LOS ANGELES – Already in the school record books as the best distributor of the basketball in single-season history, Kentucky men’s basketball sophomore Tyler Ulis now owns the official designation as the top point guard of the 2015-16 college basketball season with the awarding of the Bob Cousy Point Guard of the Year Award.
Ulis was announced as the 2016 winner during ESPN’s College Basketball Awards Show on Friday. Ulis was on site in Los Angeles to receive the prestigious award, presented annually by the Naismith Memorial Basketball Hall of Fame to the top point guard in the country.
“Well, last year we had so many veteran guys, so many pros on the team I didn’t have to do as much,” Ulis told Jay Williams after winning the award. “This year we had a lot of freshmen coming in and I feel like my role was to lead this team and try to do as best as I can.
“(I started playing better) in the middle of the year,” Ulis said. “I started player better, started shooting the ball a lot better and our started clicking. When we started winning games it started to be a lot more fun.”
Already an NCAA consensus first-team All-American, Ulis beat finalists Kris Dunn (Providence), Yogi Ferrell (Indiana), Monte Morris (Iowa State) and Kay Felder (Oakland) to win the award.
Ulis is the first Wildcat in the 13-year history of the award to win the honor. Previous winners of the Bob Cousy Award include: Delon Wright, Utah (2015); Shabazz Napier, Connecticut (2014); Trey Burke, Michigan (2013); Kendall Marshall, North Carolina (2012); Kemba Walker, Connecticut (2011); Greivis Vasquez, Maryland (2010); Ty Lawson, North Carolina (2009); DJ Augustin, Texas (2008); Acie Law, Texas A&M (2007); Dee Brown, Illinois (2006); Raymond Felton, North Carolina (2005); and Jameer Nelson, St. Joseph’s (2004).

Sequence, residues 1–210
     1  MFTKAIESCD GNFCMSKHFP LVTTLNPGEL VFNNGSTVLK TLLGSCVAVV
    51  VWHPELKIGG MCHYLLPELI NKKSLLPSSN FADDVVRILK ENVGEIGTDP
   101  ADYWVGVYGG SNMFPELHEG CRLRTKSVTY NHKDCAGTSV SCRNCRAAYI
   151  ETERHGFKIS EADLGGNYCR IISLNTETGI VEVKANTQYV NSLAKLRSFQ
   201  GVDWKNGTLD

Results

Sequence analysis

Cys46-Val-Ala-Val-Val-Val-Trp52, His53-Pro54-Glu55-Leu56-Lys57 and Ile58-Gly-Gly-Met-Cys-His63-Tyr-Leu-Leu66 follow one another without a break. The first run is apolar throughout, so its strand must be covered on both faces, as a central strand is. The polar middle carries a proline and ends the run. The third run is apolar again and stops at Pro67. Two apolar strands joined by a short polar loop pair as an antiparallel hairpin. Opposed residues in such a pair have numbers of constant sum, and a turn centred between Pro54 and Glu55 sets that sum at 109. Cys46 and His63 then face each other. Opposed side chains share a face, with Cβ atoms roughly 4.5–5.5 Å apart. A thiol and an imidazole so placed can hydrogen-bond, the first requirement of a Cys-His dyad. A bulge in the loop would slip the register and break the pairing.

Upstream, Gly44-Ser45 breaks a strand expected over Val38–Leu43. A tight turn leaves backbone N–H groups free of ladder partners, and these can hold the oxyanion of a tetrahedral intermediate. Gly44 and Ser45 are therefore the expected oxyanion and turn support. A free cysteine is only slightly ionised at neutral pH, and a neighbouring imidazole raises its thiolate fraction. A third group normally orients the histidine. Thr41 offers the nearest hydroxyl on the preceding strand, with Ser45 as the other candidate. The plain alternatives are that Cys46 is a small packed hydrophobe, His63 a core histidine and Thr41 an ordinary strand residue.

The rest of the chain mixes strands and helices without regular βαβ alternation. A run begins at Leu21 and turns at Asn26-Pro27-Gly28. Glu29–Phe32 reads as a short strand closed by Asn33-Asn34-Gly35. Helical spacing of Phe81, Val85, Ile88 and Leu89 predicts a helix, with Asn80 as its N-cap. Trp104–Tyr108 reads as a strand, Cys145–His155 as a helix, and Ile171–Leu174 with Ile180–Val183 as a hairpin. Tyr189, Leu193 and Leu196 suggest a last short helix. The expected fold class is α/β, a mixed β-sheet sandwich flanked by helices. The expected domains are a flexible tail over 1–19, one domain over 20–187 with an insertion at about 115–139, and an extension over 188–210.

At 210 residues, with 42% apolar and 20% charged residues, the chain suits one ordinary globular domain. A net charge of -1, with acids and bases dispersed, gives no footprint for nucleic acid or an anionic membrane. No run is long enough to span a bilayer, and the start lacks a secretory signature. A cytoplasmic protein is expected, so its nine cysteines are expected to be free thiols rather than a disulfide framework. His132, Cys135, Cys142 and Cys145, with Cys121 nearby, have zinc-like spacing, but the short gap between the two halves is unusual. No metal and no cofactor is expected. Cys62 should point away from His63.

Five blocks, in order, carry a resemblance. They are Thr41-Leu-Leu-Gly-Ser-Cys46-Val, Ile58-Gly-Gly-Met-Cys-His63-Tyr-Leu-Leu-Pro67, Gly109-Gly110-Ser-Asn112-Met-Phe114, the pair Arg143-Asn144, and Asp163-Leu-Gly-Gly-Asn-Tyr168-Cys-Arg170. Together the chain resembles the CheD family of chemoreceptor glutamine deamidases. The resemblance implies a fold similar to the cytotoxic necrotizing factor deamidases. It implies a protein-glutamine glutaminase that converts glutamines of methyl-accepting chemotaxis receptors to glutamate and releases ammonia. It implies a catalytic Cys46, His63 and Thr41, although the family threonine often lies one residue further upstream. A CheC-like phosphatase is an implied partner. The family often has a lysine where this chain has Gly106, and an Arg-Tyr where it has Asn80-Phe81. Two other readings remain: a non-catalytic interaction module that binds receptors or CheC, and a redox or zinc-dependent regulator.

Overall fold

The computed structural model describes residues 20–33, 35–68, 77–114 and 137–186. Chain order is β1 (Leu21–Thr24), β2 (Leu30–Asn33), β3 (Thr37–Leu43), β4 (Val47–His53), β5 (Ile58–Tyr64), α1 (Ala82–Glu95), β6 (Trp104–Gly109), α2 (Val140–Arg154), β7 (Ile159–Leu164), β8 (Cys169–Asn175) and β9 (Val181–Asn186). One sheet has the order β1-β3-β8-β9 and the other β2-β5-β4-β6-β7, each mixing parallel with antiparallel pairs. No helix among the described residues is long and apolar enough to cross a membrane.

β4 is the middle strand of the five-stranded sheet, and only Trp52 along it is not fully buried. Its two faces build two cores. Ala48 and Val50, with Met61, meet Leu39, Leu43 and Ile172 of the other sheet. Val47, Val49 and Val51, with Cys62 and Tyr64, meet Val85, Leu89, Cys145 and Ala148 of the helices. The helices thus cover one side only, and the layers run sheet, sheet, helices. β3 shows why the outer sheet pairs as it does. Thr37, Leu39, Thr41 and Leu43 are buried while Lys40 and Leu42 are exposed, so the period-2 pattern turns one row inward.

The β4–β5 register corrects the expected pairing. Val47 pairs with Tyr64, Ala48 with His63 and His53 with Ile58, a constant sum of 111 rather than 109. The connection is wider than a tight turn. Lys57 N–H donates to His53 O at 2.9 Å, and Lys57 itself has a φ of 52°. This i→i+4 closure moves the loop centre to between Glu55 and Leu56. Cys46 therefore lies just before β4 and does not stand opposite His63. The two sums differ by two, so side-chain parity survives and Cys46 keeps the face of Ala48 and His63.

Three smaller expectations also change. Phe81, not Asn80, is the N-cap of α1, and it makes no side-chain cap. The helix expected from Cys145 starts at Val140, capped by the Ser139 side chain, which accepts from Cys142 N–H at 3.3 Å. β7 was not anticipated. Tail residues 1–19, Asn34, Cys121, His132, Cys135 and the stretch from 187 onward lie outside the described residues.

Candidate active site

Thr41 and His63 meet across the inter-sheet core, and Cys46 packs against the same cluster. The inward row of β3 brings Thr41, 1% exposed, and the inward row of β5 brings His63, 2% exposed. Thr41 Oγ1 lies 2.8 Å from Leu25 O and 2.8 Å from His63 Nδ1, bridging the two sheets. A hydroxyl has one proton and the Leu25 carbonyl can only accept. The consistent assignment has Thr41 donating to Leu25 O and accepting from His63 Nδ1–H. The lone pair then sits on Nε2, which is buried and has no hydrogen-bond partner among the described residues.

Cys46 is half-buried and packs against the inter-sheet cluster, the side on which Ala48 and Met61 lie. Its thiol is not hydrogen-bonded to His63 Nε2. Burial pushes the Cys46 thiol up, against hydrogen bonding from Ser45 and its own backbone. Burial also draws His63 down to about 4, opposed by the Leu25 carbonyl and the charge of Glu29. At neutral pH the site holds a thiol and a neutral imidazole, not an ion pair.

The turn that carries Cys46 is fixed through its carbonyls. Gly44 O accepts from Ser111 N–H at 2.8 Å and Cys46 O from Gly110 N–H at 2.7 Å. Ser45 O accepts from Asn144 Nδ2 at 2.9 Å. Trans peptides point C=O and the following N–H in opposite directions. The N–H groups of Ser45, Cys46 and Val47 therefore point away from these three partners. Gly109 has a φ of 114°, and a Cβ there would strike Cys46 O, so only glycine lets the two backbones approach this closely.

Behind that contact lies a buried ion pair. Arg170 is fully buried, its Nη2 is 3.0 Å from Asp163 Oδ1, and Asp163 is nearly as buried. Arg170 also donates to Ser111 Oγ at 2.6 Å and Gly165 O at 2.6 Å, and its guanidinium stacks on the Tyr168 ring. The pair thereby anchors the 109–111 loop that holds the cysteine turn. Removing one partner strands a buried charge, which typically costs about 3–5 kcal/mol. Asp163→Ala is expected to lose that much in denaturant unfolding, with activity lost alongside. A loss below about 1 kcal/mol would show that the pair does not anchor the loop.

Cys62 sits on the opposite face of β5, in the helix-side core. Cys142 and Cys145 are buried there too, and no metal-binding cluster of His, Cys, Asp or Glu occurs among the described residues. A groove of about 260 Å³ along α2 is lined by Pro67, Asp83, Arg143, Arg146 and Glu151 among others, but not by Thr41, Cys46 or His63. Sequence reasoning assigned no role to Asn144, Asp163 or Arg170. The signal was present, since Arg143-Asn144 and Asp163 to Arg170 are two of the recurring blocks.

A national committee comprised of top college basketball personnel determined the initial watch list of 20 candidates in October, trimmed it down to 10 in February and named the final five finalists in March. The winner of the Cousy Award was determined by a combination of fan votes and input from the Basketball Hall of Fame’s selection committee.
The award is named after legendary point guard Bob Cousy, considered by many as the best playmaker ever. Cousy had an All-America career at The College of the Holy Cross, leading the Crusaders to three NCAA tournaments and the 1947 title. Cousy would go on to the NBA and lead the Boston Celtics to six championships alongside Hall of Famers Bill Russell and head coach Red Auerbach.
Cousy led the NBA in assists eight consecutive years (1953-60), played in 13 straight NBA All-Star games, earned MVP honors in the 1954 and 1957 games, and racked up 16,960 career points. He was named a Naismith Hall of Famer in 1971.
Ulis is about to embark on his professional career after announcing Wednesday that he has declared for the 2016 NBA Draft and plans to hire an agent, which would effectively end his career at Kentucky.
Ulis posted one of the greatest all-time individual seasons for a point guard in school history while leading the Wildcats to a share of the Southeastern Conference regular-season championship, the SEC Tournament title and a 27-9 overall record in 2015-16.
En route to becoming one of the nation’s elite players, Ulis ended the season with 246 assists, setting the new single-season school record previously held by John Wall. Until the season’s final game, Ulis had a streak of 28 consecutive games with four or more assists, the longest streak in school history since at least 1972-73.
Just last week the 5-foot-9 Chicago native was named an NCAA consensus first-team All-American, the shortest consensus first-team All-American since Pittsburgh’s Don Hennon, at 5-9, earned the distinction in 1958.
Ulis is also in Los Angeles this week as one of five finalists for the John R. Wooden Award, which is bestowed upon the nation’s best player.